21 September 2016
Insight: the Hour of the Flute
Physicality, expressivity, and energy
© Marek Suchecki
Writing for flutes has been evolving into a major thread in my composing for more than a decade. This has been possible thanks to having the honour to collaborate with some of the finest flautists specialising in new music, including Ewa Liebchen and Rafał Jędrzejewski, who make up a Warsaw-based duo called Flute o'clock. In June this year, Polish new music label Bôłt Records released a CD, entitled Glimmer, with all my flute works to date, recorded by the duo. In total, an hour of flute music. In this article, I attempt to highlight the key areas of my compositional thinking while reflecting on the works included on the disc.
I have always been interested in long-term and in-depth exploration of instrumental possibilities, and I have found that this can be realised most effectively through ongoing and close collaboration with performers. Looking at the Glimmer CD, I see quite a bit of hard work done over the years. Along the way, however, the flautists and I have also found much pleasure in experimenting, discussing ideas and possibilities, and wondering 'what if?'. We have learnt and drawn inspiration from each other through working on each project slowly, over an extended period of time. This has proven to be a reliable way to immerse ourselves in the ideas investigated, so that the creative journey is experienced meaningfully.
The journey starts with considering any possible physical actions that can be applied to the instrument, without categorising resultant sounds according to the division into those produced with the classical technique, and 'effects' that emerge through so-called 'extended techniques'. Articulations such as multiphonics, microtones, tongue-ram, key percussion, pizzicato, whistle tones, and many others have been utilised for many decades, so today they can no longer be thought of as additional special effects. They all constitute the vocabulary of contemporary musical language, with each sound being unique and having its own expressive quality. All it takes is to think of the instrument and envisage the possibilities that are just there, available to be used.
When thinking of the technique of sound production on the flute, the basic elements needed are air stream, fingering, and mouthpiece position. These are all physical operations that can be zoomed into and explored in greater depth. For example, air stream can have different pressures and can involve various tonguing articulations, which, in turn, can be used independently without any air; fingering, when considered on its own, opens up an array of percussive sounds of the flute's mechanism; mouthpiece position is an incredibly flexible technique, as it affects the sound quality directly, with many possibilities from pure and solid pitch to the most subtle and fluctuating shimmers. The list of possibilities is extensive and additionally enriched by merging the instrument with vocal/mouth/throat articulations, but the essential point is that the searching occurs at the level, where the focus is on individual components of sound production before a concrete sound object is formed. It is therefore the process of formation of the musical substance that is articulated, because exposing the components means avoiding congruence between them (if they're congruent, more concrete sound objects are formed).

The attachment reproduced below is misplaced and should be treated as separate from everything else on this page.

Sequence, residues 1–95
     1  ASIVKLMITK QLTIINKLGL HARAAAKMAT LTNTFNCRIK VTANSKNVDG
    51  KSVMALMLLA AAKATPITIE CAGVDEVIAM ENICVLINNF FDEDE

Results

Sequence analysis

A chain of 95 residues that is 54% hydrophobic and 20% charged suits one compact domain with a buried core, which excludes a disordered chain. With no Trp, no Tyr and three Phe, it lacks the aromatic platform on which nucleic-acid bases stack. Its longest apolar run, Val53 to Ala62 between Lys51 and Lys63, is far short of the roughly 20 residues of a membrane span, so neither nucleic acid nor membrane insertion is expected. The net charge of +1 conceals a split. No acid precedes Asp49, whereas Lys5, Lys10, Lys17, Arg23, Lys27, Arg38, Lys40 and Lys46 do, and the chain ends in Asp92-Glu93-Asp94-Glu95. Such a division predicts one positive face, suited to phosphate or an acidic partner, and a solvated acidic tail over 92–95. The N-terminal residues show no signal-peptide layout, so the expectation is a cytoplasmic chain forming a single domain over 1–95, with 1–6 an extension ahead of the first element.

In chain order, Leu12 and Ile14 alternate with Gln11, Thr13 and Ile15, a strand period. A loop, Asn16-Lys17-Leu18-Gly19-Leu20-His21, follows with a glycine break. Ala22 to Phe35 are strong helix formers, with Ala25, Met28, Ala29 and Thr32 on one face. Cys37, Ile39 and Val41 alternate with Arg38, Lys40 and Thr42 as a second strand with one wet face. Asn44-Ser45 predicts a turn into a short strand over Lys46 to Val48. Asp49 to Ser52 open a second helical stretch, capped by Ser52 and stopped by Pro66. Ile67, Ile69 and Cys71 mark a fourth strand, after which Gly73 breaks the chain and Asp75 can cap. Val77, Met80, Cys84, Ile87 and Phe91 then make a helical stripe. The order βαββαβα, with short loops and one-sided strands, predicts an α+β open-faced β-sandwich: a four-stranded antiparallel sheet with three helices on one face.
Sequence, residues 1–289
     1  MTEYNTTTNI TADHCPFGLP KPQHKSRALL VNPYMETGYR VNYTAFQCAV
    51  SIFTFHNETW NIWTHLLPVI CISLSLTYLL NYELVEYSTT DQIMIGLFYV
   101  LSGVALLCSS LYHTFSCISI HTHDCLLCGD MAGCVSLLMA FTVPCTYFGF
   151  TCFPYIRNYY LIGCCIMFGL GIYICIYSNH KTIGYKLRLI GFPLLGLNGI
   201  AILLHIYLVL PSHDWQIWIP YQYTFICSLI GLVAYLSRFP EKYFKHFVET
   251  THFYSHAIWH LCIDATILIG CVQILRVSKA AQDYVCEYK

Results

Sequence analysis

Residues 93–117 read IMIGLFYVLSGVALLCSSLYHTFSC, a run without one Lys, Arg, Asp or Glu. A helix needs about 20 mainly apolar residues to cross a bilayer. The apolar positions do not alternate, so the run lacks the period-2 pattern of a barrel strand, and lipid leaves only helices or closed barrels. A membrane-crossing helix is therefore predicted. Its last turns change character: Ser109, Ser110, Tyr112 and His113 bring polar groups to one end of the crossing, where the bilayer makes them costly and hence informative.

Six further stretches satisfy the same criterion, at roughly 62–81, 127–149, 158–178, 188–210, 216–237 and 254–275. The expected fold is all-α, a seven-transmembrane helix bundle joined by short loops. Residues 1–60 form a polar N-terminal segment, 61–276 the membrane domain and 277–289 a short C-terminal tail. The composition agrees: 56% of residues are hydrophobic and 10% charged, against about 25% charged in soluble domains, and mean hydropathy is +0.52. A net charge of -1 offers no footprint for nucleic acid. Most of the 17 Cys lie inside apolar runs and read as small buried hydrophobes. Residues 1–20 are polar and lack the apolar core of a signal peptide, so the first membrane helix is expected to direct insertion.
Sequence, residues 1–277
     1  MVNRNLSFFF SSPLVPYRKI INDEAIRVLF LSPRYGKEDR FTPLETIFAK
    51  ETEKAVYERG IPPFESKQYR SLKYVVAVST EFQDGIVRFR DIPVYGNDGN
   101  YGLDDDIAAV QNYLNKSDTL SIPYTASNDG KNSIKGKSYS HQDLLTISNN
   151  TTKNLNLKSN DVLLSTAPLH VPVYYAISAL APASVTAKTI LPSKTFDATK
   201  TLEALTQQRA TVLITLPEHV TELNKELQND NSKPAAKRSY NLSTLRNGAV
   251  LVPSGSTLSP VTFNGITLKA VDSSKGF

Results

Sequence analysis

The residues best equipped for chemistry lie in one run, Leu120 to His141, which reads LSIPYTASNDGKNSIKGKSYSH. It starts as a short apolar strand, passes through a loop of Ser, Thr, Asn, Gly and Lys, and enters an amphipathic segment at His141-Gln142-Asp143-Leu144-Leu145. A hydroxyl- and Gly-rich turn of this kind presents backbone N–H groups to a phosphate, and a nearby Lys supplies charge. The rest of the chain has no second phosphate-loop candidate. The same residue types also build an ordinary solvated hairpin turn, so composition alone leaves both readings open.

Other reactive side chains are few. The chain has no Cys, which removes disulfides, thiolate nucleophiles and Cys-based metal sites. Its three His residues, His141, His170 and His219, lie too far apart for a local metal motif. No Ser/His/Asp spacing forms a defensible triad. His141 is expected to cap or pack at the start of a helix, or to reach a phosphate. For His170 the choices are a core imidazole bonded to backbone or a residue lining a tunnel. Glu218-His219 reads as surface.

The beginning of this way of compositional thinking dates back to Glimmer written in 2002. It was the opportunity to have it performed in Amsterdam the same year that contributed to writing further works with the aim of examining more closely the expressivities of various physicality components of the flute technique.
The works composed shortly after Glimmer, i.e. two bass flute solos Streamforms and open cluster M45 (2003), expose a number of physicality components much more. Writing these works was a major step towards thinking about sound production as the initial source of the musical material, with its physical aspect being focused on very closely in order to bring out the distinct expressive qualities of a wide variety of sounds obtainable on the instrument.
Every sound, even as minute as a key click, has an innate and unique expressivity. Thinking about how flute technique works in physical terms leads to greater awareness of the expressive properties of sounds. When different physical actions interact, the expressivity of the sounds also carries an emotional charge, as it is a natural element of expressivity. The emotion can be magnified through the focus on the physicality of sound production.
In order for the performer to bring out the expressivity and the emotion, it is the physical actions (not always the sounding results) that are notated. Since flute technique often involves combining operations that produce unstable and unpredictable outcomes, it's not always possible to notate exactly what will be heard. Therefore, the precision and specificity of notation applies to physicality. The search for the musical material based on focusing on the components of sound production does not always involve knowing exactly what the sound will be. Rather, it is driven by the curiosity of finding out what the sounding result will be. The score is not really a representation of the sound world, but more an instruction manual for the performer to apply specific physical operations to the instrument. The performer can use these instruction manuals in a way that allows them to explore the physicality of flute playing and develop their own interpretation of the musical work. Whatever the interpretation, the essential character of the piece will remain unchanged, because the precision of notation establishes a particular sound world and musical process.
At the time of writing the bass flute solos, thinking about the physicality of producing sound and breaking it up into components also suggested the idea of using an analogous method in relation to the whole compositional approach. By the time the work on the first commission from Flute o'clock began (Veiled Voice, 2011-2013), generating the musical material had become divided into separate layers: tempo, rhythm, physicality (articulation, and the addition of voice), dynamics. Each layer is focused on individually, sometimes written out on its own from beginning to end. By the same token, one instrumental part is completed in its entirety before the next one is begun. The musical substance is gradually put together by adding the individual layers. The important realisation that emerged out of this method was that complete control over the large-scale form was no longer in place. But there was no absence of control either. It was therefore all about remaining BETWEEN having control and giving up control.